Studies of avian eggshell coloration have been a long-standing research focus in behavioral evolutionary ecology. Museum collections have provided a widely used resource because they allow efficient sampling across broad temporal, geographical, and taxonomic ranges, even for species that are rare and for which sampling in the wild is ethically or practically unwarranted. We used reflectance spectrophotometry across the avian visual spectrum to compare eggshell color of specimens of the song thrush (Turdus philomelos) in two museums (Natural History Museum, UK and Auckland Museum, New Zealand) with each other and with eggshells collected fresh in New Zealand. These data enabled us to test the effects of source and storage in different museums, as well as time since collection, across four metrics of eggshell coloration: blue-green and ultraviolet chroma, overall brightness, and the spectral coefficient of variation. Variation within an egg, within a clutch, and among clutches, was similar between the two museum datasets but different from those of fresh eggs. We found significant differences in all four metrics between the collections, and that fresh eggshells reflected stronger in the blue-green wavelength than in museum eggs. This difference is most likely due to different preservation techniques and storage histories. Furthermore, an effect of time since collection was only apparent in the blue-green chroma and was higher in more recent museum eggshell samples. Our results support the use of historic museum samples in intraspecific studies of shell coloration providing that efforts are made to compare specimens, which were collected during similar periods.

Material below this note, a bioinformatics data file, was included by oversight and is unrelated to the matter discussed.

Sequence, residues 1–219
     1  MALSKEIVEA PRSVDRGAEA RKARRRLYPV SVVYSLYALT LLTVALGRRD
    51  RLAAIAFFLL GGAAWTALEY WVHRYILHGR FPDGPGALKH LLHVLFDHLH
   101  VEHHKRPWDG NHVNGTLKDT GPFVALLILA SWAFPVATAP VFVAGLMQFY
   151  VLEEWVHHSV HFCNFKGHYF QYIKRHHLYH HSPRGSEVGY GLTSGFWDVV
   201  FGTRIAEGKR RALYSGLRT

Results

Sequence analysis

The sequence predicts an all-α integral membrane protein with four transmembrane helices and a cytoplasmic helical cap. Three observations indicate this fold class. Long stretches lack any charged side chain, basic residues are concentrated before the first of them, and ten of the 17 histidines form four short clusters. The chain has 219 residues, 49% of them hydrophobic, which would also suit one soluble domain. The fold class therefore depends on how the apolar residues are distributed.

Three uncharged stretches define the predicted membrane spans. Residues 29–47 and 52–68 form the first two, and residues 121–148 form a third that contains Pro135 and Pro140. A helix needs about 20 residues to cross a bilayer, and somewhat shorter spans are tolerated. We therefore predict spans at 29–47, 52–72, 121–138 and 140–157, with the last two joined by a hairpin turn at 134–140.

- Egg color
- Reflectance spectrophotometry
ASJC Scopus subject areas
- Ecology, Evolution, Behavior and Systematics
- Animal Science and Zoology